I am sweating profusely. The air is heavy and it’s already an unusually warm day. I have to stop and take off the raincoat. Mosquitoes or not, I can’t overheat as I only have two liters of water on me. Another mile passes by and I find myself slowly emerging above the tree line. Even though the trail is pretty steep, I have found that I have been making pretty good progress. The legs feel strong. My pack is light. As I progress a little further, my hike has transitioned into a technical, bouldering climb. I hate this stuff! It is at the same time challenging, exciting, and a little terrifying. I keep my eyes fixed above on the next hand or foot hold. I won’t look down. I slowly make my way up the rock face, praying that it will soon come to an end (in a favorable way). This section of the trail is referred to as the Hunt Spur. I just need to make it about a half a mile to the Gateway and it should be smooth sailing. As I approach what appears to be a false summit, I encounter a Boy Scout Troop out on an adventure hike. They are all sitting, catching their breath. As I get close, one says – “We won’t let you pass until you tell us a good story.” On the one hand, I refuse to be held hostage by a bunch of teenage kids that appear to relish the technical climb. I think they were only stopped because their adult leader looked pretty fatigued. On the other hand, I could use the break and I always have a story at the ready, so I found a boulder and sat down. They seemed to want to hear about wildlife encounters while on the trail – so, wildlife encounters it was. Ten minutes later I had earned passage and continued my ascent towards the Gateway.
With one last pull I found myself on a relatively flat section of the trail. There were rocks strewn all over the place and a clear path that led towards the summit, now visible, but still almost two miles away. No longer in fear of a life ending plummet, my pace once again quickened, my eyes firmly fixed on the summit. I am now only one mile away. The trail once again turns toward the sky. The AT, which has been throwing all kinds of “stuff” at me for five months, wasn’t done yet. As I scrambled up the last climb, tears began to form in my eyes. Memories, good and bad, of the previous five months were racing through my mind. I climbed faster. As I summited the last crest, still 100 yards from the AT’s northern terminus, my emotions overwhelmed me. I could hardly believe that what I had started 149 days earlier would soon be over. I slowed my pace, unsure of what I should do next. I finally came to a stop and placed my hand on that hallowed sign. It was over. Top Chef had beaten me here by three or four minutes (those darn Boy Scouts). I asked him to take my picture on the sign and then I reciprocated. It’s hard to believe that something I had been dreaming of for months had finally occurred. It was surreal. As if the AT wanted to congratulate my accomplishment, I actually had some views. So this is what a mountain top looks like.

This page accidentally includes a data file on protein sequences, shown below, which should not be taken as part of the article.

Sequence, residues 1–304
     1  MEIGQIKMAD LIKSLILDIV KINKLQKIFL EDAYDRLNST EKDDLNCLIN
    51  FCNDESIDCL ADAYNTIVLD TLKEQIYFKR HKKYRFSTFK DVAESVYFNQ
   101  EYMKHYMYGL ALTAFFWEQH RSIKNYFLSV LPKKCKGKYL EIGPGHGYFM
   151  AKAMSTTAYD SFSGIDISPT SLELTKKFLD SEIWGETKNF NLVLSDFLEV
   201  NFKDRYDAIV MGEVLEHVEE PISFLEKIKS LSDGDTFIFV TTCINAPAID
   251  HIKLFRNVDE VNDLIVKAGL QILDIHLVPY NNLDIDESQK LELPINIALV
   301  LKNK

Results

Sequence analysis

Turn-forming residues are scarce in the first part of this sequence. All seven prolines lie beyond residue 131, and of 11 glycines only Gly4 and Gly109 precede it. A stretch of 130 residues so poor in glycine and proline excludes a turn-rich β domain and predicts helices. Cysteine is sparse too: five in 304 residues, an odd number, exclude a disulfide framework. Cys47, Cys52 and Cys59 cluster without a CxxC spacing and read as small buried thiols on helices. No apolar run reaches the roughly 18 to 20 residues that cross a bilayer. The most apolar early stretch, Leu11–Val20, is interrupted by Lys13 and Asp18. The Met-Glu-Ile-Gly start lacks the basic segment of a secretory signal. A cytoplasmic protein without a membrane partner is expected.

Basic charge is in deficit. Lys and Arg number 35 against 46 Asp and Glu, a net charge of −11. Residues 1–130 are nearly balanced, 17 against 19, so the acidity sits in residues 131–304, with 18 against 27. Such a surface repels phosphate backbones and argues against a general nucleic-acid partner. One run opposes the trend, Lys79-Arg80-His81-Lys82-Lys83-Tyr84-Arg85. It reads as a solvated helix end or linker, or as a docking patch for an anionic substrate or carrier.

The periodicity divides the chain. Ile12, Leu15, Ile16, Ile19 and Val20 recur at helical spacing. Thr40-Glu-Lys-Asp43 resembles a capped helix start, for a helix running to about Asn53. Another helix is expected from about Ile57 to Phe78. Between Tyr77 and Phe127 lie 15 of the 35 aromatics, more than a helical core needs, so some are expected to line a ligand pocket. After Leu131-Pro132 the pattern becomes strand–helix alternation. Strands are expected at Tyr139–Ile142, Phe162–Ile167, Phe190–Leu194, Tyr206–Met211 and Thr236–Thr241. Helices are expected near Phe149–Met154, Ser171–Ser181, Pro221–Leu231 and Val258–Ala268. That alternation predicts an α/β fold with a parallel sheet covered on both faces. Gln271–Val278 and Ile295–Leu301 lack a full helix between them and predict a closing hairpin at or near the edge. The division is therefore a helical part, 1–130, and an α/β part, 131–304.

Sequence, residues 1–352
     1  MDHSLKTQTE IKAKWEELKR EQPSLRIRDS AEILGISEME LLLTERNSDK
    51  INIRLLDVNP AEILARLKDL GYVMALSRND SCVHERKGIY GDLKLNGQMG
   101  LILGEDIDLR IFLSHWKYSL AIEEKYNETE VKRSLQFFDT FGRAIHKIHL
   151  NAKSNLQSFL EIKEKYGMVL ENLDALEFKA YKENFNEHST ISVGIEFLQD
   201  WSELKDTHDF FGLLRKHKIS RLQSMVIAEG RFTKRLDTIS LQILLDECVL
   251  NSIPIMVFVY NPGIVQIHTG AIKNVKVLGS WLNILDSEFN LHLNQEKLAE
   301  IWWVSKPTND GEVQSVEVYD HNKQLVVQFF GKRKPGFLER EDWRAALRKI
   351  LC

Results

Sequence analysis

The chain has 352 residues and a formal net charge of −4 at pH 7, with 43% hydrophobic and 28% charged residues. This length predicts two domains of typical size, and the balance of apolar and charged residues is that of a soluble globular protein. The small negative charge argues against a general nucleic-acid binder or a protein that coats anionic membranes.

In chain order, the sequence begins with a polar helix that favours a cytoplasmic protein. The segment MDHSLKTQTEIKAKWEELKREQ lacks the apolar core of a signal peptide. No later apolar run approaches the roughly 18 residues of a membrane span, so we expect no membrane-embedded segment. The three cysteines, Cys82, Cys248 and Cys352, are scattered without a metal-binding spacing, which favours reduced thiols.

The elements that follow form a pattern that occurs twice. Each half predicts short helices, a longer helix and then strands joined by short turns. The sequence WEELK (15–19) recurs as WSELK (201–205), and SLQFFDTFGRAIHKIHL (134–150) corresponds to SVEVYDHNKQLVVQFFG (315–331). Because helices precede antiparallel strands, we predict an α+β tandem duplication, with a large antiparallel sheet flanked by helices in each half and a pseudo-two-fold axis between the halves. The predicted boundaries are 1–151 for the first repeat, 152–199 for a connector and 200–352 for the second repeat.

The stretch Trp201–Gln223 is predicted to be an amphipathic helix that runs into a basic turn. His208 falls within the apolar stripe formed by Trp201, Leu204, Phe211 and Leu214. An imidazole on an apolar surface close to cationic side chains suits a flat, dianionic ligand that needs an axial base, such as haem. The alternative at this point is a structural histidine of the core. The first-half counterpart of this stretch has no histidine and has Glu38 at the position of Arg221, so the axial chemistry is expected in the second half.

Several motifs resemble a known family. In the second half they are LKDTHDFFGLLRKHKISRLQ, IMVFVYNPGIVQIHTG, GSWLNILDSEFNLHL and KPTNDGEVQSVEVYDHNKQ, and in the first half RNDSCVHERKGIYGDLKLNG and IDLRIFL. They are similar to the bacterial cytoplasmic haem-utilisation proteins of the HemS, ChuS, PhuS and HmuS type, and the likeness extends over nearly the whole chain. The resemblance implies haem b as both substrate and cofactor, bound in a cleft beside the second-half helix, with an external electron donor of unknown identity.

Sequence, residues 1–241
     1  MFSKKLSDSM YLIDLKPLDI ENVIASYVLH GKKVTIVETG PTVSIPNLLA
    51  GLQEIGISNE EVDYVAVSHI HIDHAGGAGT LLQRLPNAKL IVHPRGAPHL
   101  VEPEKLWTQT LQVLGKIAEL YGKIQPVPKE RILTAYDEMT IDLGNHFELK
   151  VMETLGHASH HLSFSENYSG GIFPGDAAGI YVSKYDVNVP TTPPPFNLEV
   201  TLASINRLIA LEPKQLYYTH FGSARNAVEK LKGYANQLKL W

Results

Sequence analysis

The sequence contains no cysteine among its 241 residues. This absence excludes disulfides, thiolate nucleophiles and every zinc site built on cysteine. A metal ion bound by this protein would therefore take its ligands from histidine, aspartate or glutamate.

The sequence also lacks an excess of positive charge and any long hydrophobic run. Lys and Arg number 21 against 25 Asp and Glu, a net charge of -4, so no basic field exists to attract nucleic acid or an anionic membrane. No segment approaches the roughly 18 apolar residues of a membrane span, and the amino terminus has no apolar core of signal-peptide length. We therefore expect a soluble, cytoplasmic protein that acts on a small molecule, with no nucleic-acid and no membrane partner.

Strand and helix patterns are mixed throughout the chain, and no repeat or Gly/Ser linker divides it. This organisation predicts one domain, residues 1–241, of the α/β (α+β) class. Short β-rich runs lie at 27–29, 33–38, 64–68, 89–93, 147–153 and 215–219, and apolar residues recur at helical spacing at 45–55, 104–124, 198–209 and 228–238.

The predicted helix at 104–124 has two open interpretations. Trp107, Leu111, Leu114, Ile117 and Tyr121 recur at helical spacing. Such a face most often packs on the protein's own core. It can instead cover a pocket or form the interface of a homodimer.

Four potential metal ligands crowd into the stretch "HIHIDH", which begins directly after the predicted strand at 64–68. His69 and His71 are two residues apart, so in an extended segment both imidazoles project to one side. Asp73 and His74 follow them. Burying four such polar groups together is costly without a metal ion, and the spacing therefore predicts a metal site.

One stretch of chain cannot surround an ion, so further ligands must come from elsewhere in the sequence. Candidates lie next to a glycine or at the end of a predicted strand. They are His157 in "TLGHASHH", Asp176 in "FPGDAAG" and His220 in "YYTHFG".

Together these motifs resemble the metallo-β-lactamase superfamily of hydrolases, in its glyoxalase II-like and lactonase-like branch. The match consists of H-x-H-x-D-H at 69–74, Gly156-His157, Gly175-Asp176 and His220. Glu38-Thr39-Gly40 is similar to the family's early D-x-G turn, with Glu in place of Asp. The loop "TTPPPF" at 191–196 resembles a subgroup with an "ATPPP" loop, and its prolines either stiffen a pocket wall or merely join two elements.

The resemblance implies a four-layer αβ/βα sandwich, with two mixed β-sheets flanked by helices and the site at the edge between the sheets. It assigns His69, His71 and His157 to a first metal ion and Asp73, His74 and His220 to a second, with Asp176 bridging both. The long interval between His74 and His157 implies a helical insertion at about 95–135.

With my celebration done, I moved off to a private place and took out the small baggy that held the remaining ashes of my good friend Matt. After saying a prayer and one final goodbye, I scattered him atop a mountain that we had, seven years earlier, planned to summit together. I suppose at this point I should come clean. Matt’s wife had given me a small tube with some of Matt’s ashes at his funeral. I had faithfully been carrying those throughout my journey. Years earlier we had spread the rest of Matt’s ashes on a beautiful section of the AT that Matt particularly liked and I hoped I could get the rest to Katahdin. On one of my numerous falls, I broke the vial that held Matt’s remains and some of his ashes spilled out on my descent of Mount Moosilauke. I think he was laughing at me as I frantically tried to get him back into a ziplock baggie.
I decided to descend by the Abol trail as it is less technical, albeit steeper, than the Hunt trail and would probably be a little safer. Just under six hours after I had started my hike, I emerged from the woods one last time. A couple hours later I was back with Lori at a home she had rented in Millinocket, Maine, making plans to return home.